Dam(n) the rivers

Interlink rivers and get delinked from true water management

 
Last Updated: Saturday 04 July 2015

true, everybody loves a good drought. But the latest mantra is the interlinking of the country's rivers. Everybody loves it too. So much so, that it seems to be a favoured jingle with most political parties.

It is an old virus. The first sign of its new mutation showed up in our scientist President. Then a Chief Justice asked the government to complete in 10 years what a government pre-feasibility study said would take at least 43 years and Rs 5,60,000 crore. Now it is the Prime Minister talking about interlinking of rivers to deal with the crippling drought facing us today. When the head of the executive uses it to deal with the political challenge from the opposition (in the face of the Gujarat elections that are so crucial to his party bruised badly by recent electoral setbacks), you are talking real. Talking real in an unreal world.

Because if our politicians were in this world, they would understand that what they need is a plan to deal with today's drought. The inter-linking of rivers is a smoke-screen and a cruel one at that, when you begin to understand just how 'avoidable' the deprivation of drought is. We have food in our godowns, we have work to get done. What we need is a massive programme of productive work so that people can earn money near their homes and use it to buy foodgrain. The employment should be used to build productive assets -- a massive water conservation programme -- that will provide relief against the next drought. We know all this. In the 1970s, the Maharashtrian government had started the employment guarantee scheme, paid for by professionals in the state, to provide a right to employment, guaranteed by law.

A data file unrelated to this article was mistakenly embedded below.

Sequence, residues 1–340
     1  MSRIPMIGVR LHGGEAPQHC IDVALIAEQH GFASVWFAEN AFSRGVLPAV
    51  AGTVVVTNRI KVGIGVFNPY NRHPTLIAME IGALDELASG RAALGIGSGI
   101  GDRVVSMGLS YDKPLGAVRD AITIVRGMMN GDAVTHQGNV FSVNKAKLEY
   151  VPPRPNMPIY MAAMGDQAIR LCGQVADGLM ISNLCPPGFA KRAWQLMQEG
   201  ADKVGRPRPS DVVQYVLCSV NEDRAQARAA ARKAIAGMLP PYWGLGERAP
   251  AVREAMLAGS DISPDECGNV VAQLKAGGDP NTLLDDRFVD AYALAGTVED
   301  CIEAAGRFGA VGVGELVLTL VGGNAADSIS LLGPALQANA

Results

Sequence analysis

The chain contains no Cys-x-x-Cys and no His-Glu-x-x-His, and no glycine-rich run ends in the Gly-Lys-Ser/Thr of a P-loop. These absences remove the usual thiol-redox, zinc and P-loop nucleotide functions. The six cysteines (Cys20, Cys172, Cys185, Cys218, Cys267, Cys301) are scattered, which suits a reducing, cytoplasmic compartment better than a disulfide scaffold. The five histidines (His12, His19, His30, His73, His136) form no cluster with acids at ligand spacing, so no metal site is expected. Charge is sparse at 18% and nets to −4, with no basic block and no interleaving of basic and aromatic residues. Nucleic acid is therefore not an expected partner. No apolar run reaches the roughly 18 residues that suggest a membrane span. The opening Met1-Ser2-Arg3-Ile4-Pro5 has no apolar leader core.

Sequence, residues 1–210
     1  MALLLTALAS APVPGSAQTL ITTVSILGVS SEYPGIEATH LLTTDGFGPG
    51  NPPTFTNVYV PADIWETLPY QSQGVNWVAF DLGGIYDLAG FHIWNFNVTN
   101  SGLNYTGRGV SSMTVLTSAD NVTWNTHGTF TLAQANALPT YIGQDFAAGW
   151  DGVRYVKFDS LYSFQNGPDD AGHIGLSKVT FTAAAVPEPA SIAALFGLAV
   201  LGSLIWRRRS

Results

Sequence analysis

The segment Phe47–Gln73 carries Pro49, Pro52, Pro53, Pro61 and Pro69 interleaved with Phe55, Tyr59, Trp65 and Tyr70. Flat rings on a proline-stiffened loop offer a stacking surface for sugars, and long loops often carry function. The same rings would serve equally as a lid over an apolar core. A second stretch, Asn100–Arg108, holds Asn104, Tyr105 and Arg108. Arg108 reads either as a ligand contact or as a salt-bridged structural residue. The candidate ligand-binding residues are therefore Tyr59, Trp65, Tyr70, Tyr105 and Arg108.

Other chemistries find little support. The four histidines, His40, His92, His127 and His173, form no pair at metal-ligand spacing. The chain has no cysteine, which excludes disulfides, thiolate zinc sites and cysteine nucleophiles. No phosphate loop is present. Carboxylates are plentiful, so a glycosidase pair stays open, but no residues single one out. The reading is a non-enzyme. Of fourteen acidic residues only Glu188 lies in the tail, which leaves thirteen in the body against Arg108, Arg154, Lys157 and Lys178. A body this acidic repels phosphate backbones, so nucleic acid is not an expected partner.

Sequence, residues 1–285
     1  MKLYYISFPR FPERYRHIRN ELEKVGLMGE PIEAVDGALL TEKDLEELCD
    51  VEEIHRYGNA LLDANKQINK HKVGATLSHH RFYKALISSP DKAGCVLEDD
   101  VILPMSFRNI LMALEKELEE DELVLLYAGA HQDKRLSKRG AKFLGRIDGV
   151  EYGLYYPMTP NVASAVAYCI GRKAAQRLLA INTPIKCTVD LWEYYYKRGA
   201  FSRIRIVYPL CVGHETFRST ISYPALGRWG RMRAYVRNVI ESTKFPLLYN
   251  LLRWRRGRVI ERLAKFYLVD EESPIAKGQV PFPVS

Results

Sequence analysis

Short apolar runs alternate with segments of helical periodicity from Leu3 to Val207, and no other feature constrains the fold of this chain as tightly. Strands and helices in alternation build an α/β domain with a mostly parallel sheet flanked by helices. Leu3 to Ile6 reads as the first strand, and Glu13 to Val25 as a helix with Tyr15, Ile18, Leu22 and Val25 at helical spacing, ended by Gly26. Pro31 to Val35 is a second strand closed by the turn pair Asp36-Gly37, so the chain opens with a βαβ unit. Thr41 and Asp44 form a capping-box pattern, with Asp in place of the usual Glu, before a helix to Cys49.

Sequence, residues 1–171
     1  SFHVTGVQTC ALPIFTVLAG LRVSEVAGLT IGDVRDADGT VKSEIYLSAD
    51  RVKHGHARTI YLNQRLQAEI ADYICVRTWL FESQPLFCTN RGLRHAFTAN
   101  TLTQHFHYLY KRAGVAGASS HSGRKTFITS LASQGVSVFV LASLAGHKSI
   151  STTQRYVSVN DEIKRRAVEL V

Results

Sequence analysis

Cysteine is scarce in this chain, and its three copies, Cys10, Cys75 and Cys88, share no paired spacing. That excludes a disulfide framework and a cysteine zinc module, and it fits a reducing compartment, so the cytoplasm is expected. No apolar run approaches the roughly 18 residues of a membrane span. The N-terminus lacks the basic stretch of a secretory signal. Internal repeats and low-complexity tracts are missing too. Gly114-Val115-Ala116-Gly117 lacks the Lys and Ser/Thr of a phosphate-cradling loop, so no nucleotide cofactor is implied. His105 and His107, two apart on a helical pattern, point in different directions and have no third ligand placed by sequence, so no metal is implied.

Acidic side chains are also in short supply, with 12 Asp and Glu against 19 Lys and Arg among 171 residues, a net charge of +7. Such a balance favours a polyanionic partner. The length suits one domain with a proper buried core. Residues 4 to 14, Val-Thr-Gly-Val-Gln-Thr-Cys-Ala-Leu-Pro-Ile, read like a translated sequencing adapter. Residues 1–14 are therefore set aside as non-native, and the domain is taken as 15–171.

The problem today is that in the 1970s we had less food, but better administrative systems. Today, we have food, but we do not have the ability to distribute the food to people who need it desperately. Our bureaucracy has truely become a killer. The is clearly a government-made drought. But what is appalling is the solution offered for its colossal failings. And also the bankruptcy of its ideas.

Let us even for a moment accept that inter-linking of rivers is the only 'permanent' way to solve our drought problems. But Prime Minister, please don't sell us a mirage. Tell us what you will do for the drought of 2002. There is a massive human tragedy at your doorstep. No illusions about this.

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